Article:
Why don’t I like boxy, stiff fabrics? Because they mostly look great when you’re sitting still, or standing and have made all necessary adjustments. As soon as you throw a kid on your hip, toss someone in the air, grab them in a bear hug, everything bunches up in a weird way and you have gapes where you don’t want, necklines that bunch up too high, or skirts that ride up and threaten to show too much.
Glare / colour shifts in glasses
Glasses are a nightmare for photos. The main things to keep an eye out for are transition lenses, dirty plastic /scratched lenses, or blue-light eliminating glasses. Transitions obviously turn into sunglasses when exposed to UV light (outdoor photos, or photos by the window), dirty glasses, or scratched lenses will obscure your eyes (which are the most important parts of an image/portrait!), and blue-light has a violet hint over your eye area. Contact lenses are great for sessions, but only if you’ll recognize yourself. If you always wear glasses just make sure you choose a set that doesn’t have transitions, scratches or things that will obscure your eye area. When in doubt, stand in the lighting condition you’ll be photographed and look at a mirror/take a selfie/ask someone.
Pros and Cons with accessories
I used to love accessories, but I have an allergy to nickel and certain metals that I can’t identify, so I have just gone au natural and stopped buying accessories. Since I am minimalist as a result, I am very aware and critical of each piece of jewellery you have on. If your partner is wearing a Fitbit, just make sure you want it to be there for the photos. If you have giant hoops, make sure your child doesn’t have a habit of trying to rip out your earrings. With a tricky neckline, don’t wear a necklace that doesn’t suit the shape of your neckline. These are all things to consider when deciding on what to wear for a photoshoot
The key is to be intentional. Accessories are sometimes the POP you need to add interest to an outfit and to express your personality. Just choose wisely and always edit what you present.
Wind + Hair = Disaster?
The dream is perfectly wind-swept hair. Just know sometimes that just isn’t how our hair works or looks in the photo. I am all about embracing what we’ve been given. Just ensure you are easy-going with that as well. You can easily sense if someone pretends they are boho, but is constantly adjusting and fidgeting. It just loses that effortlessness that is necessary for the images to translate. If you know you aren’t carefree, then try to ensure you have hair under control. Make sure you use styling products, get a blowout, have barrettes in the hair (long before you show up to the session. Last-minute fights and tantrums do not make for good photos) and comb hair to look as you intend it to.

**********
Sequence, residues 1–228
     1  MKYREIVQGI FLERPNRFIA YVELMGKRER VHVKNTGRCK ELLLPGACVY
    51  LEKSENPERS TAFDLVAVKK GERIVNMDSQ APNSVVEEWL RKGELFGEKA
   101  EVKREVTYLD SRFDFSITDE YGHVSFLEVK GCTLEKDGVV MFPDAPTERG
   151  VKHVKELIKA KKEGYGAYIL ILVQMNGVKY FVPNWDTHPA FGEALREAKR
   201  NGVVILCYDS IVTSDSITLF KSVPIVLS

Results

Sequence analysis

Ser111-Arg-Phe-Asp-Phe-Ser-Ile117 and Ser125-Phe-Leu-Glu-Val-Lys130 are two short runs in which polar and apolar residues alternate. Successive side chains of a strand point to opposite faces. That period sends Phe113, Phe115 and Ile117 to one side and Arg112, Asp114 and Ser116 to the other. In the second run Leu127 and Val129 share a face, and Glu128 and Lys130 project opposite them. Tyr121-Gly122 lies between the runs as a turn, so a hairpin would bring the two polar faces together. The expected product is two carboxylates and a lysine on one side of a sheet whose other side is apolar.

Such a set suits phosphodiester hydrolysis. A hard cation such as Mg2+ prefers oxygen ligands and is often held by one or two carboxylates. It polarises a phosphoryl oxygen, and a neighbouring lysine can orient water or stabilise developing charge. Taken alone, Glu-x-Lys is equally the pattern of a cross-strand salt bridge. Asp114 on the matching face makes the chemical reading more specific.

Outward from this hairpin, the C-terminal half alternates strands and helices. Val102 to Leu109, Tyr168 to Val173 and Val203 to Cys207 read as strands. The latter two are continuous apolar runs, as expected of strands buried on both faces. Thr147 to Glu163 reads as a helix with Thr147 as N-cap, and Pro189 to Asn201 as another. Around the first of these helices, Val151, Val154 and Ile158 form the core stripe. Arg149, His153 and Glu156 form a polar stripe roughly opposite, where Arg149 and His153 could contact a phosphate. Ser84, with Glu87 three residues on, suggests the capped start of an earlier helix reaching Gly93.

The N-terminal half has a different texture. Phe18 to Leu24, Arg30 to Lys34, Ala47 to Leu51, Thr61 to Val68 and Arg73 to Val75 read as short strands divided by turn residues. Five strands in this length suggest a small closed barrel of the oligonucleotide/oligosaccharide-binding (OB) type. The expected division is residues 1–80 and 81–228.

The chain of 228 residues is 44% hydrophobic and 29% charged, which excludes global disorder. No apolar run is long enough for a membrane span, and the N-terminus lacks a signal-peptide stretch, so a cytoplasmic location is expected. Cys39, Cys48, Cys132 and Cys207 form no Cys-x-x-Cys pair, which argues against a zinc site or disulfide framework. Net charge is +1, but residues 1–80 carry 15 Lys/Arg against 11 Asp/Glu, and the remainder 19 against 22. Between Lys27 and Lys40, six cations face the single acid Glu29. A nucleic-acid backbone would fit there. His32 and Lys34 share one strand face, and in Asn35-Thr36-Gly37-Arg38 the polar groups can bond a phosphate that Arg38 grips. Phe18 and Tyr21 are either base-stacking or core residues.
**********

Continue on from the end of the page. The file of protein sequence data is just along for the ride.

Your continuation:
Be careful with
After photographing people for years, there are a few traps to avoid in deciding what to wear for a photoshoot. Easy things to avoid include full pockets, too many bags being lugged around, outfits that just don’t fit properly. For example, if you are self-conscious about your arms, don’t wear a no-sleeve dress. If you are conscious about your figure, then try not to wear something skin-tight.
Some things you may not have considered include neck/shoulder lines and hem-length. I love the off-the-shoulder look. When I first tried them on I realized that if I even lifted my arms out of position, the shoulders would ride up to my neck. How do people drive with these shirts? Hem length is another thing to mind. If you’re standing, things fall differently than if you’re sitting. Ensure you can sit in your outfit without worrying about flashing people. I always wear shorts under a dress personally. I also tend to recommend hems to go to the knee to ensure no accidentally flashing. This goes for little girl outfits as well.
Accentuate your best feature
Love your neckline? Then maybe choose a v-shaped neckline. Love your shoulders? Then try something off the shoulder or halter style. Have a long neck? Accentuate it with a turtle neck or a boat neck. Great arms? Go sleeveless. Long legs? Choose something with a high slit, or put on some heels to really knock it out of the park. Gorgeous hair? Then I say a thick chunky braid or let it flow with the wind. If you have it, why not work it?
Final Thoughts on what to wear for a photoshoot
Pinterst and influencers are great for inspiration. Just be practical and realistic. They have a lot of money and trainers to get them to look the way they do. Can you emulate it well enough? Or are you setting yourself up for disappointment? If you can’t pull off a $15,000 Fendi coordinated look, then just be yourself and wear your favourite clothing. What to wear for a photoshoot is about being an edited version of yourself. Don’t follow trends. Comfort and joy are the two most important ingredients in outfit planning. Does your outfit make you happy? Are your kids smiling and having a great time? Those are the memories you are going to take away from your session. It’s actually not about the outfit in the end. It’s about how it made you feel and what memories you came away with during our photo session together.
Other Guides: What to wear for a photoshoot 2020
For additional style guides, check out my Outdoor Fall Family Session Guide
Also check out my Indoor Lifestyle Newborn Session Guide.
While I’m at it, here’s the Spring Outfit Guide.